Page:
pluralistic community, are knowledgeable about
    University efforts, and have the skills,
    awareness, and motivation to support these
    efforts at the University, unit, and individual
    levels.
  • New objective
  • Reduce the perceived discrimination and
    insensitivity on campus with respect to race,
    ethnicity, culture, religion, gender, sexual
    orientation, and disability as reported by
    members of the campus community
  • Measures CASPER phone survey SNAPS new campus
    climate survey

20
Examples from CSUS Planning old v new approach
  • Old objective
  • To improve the ability of the University to serve
    a qualified, diverse student population while
    responding to changes in enrollment demand and
    societal needs
  • New objective
  • Increase the percentage of classes and labs that
    are scheduled on Fridays, evenings, and weekends
    to better utilize campus facilities
  • Measure new report on of sections scheduled by
    time period Chancellors Office measure on of
    FTES served by time period

21
Texas Performance Budgeting
  • Integrates strategic planning, performance
    monitoring, budgeting
  • Agency budget requests include relate to
    strategic plan goals, objectives, strategies
  • Include performance reporting for all measures
    included in request
  • Legislature and Governor use performance
    information to make funding decisions
  • Key performance measures and targets are
    displayed in Appropriations Act

22
Missouri Managing for Results
  • Five themes early childhood, education,
    security, health, safety
  • Fact-based decision making for better results and
    accountability
  • Published results
  • small number of measures (only the good ones?)
  • meaningful measures
  • explanations
  • what works -- (not directly linked to results)
  • links for more information
  • http//www.mri.state.mo.us/MFR/Succeed.html
  • http//www.mri.state.mo.us/MFR/Live.html
  • Link to budget Form 5
  • requests linked to department strategic plan and
    measures

23
Prince William County
  • Based on strategic planning
  • community input
  • strategic goals and measurable community outcomes
  • From plans to budgets
  • community outcomesgtprogram outcomes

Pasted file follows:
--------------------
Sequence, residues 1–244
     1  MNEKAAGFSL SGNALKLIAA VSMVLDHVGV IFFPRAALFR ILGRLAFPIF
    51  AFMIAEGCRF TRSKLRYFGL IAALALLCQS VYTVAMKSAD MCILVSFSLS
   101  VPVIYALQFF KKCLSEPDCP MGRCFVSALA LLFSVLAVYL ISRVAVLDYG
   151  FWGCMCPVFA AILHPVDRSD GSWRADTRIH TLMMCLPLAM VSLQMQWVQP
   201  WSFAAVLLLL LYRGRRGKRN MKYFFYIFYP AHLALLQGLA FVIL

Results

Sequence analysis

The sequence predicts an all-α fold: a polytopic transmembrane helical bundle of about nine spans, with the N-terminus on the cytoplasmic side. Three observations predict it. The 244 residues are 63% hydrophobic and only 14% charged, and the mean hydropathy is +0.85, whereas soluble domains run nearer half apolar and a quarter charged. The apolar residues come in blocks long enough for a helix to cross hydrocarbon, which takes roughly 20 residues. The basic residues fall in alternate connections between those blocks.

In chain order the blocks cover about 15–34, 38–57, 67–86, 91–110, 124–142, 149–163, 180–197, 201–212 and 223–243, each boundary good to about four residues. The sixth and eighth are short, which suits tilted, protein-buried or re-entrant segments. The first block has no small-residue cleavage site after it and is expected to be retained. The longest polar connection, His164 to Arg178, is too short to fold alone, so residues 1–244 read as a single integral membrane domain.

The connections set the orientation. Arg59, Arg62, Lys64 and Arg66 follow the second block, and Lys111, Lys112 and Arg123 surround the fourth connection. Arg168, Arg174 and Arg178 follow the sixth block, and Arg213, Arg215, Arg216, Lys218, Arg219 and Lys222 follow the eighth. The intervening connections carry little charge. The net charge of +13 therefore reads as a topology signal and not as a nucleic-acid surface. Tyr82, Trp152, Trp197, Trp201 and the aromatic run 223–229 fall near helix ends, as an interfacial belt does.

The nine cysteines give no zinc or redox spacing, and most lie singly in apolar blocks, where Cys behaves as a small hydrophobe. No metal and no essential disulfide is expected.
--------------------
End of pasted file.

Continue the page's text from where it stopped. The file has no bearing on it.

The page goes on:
• measurable program objectives
  • activities to meet targets and associated
    costs/budget
  • Budget approval process
  • agencies review prior year performance with Exec
    Management
  • set budget year targets, activities using
    benchmarks
  • agencies submit budget requests based on new
    targets
  • review by Board of Supervisors with community
    input

24
Prince William County (p.2)
  • Accomplishments of performance budgeting
  • shift away from line item budgeting
  • reallocated funds toward strategic priorities
  • major increases public safety, judicial
    administration, human services, capital
    improvement
  • major decreases parks and library,
    administration, general government, planning and
    development
  • more efficient government (cost per capita
    declined)
  • increased citizen satisfaction with value of tax
    dollars
  • won several awards (helps gain citizen support)

25
Bellevue, Washington
  • Budget based on five strategic themes and related
    priorities
  • programmatic, cross-departmental approach
  • Department budget request includes
  • goals and significant budget issues organized
    around citys strategic themes
  • programmatic, not line-item presentation
  • outcomes, activities, performance measures
  • Performance scorecard
  • Bellevues Vital Signs
  • Department scorecards
  • comparisons to other cities

26
Preview of Week 15
  • Ethics
  • Course wrap-up
  • Begin presentation of BCPs